Wednesday, January 27, 2010

Chapter One, Sutra Three

sutra 1.3

tada drastuh svarupe vasthanam

Then the ability to understand the object fully and correctly is apparent

Once, long, long ago, I took a class where a yoga teacher shouted at us to BECOME THE TREE as we performed
vrksasana, the Tree Pose. The invitation was totally joyless and, in my opinion, lame. This instruction on becoming arboreal was followed by excruciating and VERY specific instructions on alignment that practically included geometric formulas for reaching the "right" tree pose. I left the class dejected. Not only had I failed to become the tree, I had also failed geometry—again. I swore I wasn't going to need it after 9th grade and I was proved wrong.

I, like many other yoga students, mistakenly understood alignment as the goal of the asana
practice. That if I could get my rib cage just so over my hip, and if my back foot was finally and consistently at a perfect 45 degree angle to the edge of my mat, well then....

Well then what? The meditation on perfect alignment was not for me, but within this practice of questing I knew there was a seed. Of course there are optimal ways to do a pose so one won't get hurt, but those methods are going to vary (sometimes greatly other times slightly) to suit the individual. As I began to study the Yoga Sutras I realized that sutra 1:3 is talking about mental alignment. I understood this first through the postures and then through the breath and sometimes even through the heart and mind.

Sutra 1.3 is telling us about the result of practicing a single-minded inwardness
nirodaha mentioned in Sutra 1.2. When this quieting of the mind is practiced through alignment with ONE object of concentration, over a period of time, you will begin to more deeply know that object without any misunderstanding or misalignment. You can eventually BECOME THE TREE!!

What is so appealing to me about yoga is its flexiblity. I am deeply sorry for the pun, but it is only too apt. Yoga is not a religion, but a practice. When the words "Seer", or "Spirit" are evoked, it can be confusing. It is very instructive to look at several translations to see what vantage point the writer is taking. Some will strip the Yoga Sutras into a mechanical Sanskrit grammar that has almost no perceivable spiritual content and reads more like a complicated map of the mind. Other translations will insert the word "God" where it isn't. Our perceptions—as scholars, sages, and simpletons are colored by our conditioned responses to reality.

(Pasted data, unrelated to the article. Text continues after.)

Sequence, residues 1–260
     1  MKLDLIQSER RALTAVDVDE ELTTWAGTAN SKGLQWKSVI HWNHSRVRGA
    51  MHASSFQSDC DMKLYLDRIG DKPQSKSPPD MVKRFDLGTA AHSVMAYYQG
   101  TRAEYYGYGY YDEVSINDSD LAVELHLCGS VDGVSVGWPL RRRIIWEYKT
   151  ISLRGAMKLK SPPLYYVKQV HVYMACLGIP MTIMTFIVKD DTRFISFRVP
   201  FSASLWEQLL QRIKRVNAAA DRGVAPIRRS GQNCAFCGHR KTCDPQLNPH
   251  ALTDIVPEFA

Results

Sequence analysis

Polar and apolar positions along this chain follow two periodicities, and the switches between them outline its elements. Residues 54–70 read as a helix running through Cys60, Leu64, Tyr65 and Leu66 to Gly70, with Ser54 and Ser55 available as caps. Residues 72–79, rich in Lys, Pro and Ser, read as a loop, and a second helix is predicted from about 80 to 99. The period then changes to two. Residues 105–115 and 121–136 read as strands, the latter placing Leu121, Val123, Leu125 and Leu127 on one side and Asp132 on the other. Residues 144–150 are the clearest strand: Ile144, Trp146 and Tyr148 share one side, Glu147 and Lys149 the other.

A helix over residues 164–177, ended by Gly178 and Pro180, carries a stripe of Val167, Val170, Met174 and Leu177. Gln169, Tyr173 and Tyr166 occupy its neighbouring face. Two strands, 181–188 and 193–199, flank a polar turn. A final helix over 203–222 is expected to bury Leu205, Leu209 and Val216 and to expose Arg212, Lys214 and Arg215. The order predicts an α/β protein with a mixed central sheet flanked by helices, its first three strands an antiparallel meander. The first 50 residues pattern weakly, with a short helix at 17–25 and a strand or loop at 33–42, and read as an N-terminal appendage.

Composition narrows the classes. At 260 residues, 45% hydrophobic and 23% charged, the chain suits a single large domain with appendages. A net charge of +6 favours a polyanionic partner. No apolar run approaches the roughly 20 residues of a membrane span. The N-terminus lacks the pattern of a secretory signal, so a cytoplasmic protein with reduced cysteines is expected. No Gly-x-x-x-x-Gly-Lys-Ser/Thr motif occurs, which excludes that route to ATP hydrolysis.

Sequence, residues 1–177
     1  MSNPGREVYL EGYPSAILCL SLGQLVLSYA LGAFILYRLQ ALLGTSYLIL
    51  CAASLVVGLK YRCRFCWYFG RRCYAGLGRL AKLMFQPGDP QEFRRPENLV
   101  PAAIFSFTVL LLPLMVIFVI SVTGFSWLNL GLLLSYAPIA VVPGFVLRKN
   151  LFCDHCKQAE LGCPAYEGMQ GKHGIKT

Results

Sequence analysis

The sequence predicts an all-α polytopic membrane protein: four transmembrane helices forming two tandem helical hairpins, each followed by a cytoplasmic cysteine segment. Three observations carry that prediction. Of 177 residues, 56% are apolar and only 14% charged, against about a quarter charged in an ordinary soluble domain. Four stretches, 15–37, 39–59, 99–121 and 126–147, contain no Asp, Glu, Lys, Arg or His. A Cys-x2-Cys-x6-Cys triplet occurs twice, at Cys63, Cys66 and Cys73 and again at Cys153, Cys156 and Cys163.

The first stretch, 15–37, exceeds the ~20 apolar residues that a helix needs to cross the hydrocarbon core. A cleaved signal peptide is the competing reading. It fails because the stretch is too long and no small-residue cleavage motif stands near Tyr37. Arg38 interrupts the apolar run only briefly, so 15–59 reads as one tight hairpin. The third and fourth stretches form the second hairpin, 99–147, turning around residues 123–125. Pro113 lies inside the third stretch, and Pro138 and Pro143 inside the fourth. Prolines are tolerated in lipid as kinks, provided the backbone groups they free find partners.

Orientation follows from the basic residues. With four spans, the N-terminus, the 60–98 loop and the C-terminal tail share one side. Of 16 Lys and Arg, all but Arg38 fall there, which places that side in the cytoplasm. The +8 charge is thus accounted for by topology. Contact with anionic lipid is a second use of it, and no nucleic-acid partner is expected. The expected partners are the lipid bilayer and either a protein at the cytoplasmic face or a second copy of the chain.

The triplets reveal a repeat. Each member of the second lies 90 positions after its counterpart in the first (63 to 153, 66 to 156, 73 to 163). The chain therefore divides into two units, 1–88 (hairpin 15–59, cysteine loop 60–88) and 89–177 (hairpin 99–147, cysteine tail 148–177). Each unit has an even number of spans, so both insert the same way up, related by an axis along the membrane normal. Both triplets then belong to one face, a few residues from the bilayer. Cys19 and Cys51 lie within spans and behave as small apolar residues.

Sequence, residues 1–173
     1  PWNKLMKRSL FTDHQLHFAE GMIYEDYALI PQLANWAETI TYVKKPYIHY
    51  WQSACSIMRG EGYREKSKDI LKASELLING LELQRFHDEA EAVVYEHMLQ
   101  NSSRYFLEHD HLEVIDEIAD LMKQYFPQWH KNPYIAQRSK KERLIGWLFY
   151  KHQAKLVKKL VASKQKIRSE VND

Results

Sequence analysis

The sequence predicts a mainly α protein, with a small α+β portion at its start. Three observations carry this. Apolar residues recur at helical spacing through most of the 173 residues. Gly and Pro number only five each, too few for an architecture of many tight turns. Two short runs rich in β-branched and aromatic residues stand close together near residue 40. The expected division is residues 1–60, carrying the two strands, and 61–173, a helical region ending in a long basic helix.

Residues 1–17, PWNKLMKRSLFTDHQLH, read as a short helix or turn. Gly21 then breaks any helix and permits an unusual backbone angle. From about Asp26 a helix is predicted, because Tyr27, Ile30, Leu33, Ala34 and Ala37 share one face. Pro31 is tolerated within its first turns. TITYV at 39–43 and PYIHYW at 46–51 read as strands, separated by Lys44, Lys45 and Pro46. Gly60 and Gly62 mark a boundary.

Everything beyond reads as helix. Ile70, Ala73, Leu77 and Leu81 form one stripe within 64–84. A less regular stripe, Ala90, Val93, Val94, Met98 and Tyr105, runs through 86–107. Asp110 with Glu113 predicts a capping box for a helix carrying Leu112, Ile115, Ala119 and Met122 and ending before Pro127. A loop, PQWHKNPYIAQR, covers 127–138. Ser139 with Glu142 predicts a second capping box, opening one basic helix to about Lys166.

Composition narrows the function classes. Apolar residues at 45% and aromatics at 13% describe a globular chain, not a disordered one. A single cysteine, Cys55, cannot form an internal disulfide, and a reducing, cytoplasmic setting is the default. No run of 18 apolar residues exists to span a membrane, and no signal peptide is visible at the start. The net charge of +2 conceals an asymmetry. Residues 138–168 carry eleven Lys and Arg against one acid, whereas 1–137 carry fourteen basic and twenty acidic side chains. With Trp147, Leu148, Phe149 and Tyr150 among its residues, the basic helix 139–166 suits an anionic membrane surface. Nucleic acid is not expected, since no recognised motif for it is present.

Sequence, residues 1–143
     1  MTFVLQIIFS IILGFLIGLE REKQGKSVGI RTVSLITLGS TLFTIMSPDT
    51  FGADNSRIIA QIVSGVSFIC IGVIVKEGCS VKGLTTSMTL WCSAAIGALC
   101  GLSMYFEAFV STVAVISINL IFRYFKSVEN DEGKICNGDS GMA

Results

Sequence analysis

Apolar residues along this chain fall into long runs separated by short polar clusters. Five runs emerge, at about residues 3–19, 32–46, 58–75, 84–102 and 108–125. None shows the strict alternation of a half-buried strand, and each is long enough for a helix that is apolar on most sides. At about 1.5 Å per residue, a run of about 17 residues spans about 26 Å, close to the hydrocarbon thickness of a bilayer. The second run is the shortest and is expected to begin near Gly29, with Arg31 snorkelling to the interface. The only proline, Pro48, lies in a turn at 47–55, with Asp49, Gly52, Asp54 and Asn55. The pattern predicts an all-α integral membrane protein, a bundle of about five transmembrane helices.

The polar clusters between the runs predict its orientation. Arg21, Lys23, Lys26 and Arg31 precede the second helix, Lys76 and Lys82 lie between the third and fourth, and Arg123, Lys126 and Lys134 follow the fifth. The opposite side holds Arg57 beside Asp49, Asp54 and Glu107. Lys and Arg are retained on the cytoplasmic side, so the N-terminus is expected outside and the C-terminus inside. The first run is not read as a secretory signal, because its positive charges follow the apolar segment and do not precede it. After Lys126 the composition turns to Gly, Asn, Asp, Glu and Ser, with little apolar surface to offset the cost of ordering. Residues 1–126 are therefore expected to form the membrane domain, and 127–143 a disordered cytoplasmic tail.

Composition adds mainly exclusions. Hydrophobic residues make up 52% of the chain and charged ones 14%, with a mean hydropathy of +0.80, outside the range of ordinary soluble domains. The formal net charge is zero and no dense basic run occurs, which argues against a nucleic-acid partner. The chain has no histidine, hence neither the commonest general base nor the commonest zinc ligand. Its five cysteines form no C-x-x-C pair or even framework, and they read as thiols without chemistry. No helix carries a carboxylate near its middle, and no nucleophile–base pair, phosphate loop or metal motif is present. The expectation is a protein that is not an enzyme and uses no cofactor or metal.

Who is this Seer? Self? Spirit? In yoga the word is translated as
purusha—total consciousness—an unchanging and uninvolved witness to all that is happening. But Desikachar, in his totally friendly and loving manner, translates sutra 1.3 as an invitation to place your attention on whatever it is that inspires wonder in you, whatever it is that inspires devotion. He asks you to place your attention on what it is that you wish to understand so deeply that you'll realize there is no separation between you and the object upon which you are concentrating.

This doesn't mean, that if your object of concentration happens to be Lord Jesus you must begin to do some weird method acting trip, dressing in robes, Birkenstocks and laying hands on people. But to take on some of Jesus' qualities, and to receive the message of the Christ without misunderstanding is something of inestimable value. I use a Christian example, but could well have used Lord Vishnu, Ganesha, Ram or Mohammed. Because in yoga the
purusha is all of those things, and here's the really outrageous news— you are the purusha too! So I am the tree! I just don't know it yet.

Think of some quality that you really like about yourself and then think about a time when you didn't know you had this quality. How did you discover this positive aspect of yourself?

What does the word "Seer" "spirit" or "inner being" mean to you?
Can you see the relationship between practicing the postures and a gaining a deeper understanding of your true self? How?

Have you ever had a moment when you felt that you were "at one" with something or someone. Write down the memory of that experience in the greatest detail you can recall.

(If you have not yet had this feeling, don't worry, you will and you're in for a wonderful surprise!)


Monica MacDonald said...

Thank you Alice.......I love this one! I am enjoying reading one a week and meditating on them.


Monica MacDonald said...

Thank you Alice.......I love this one! I am enjoying reading one a week and meditating on them.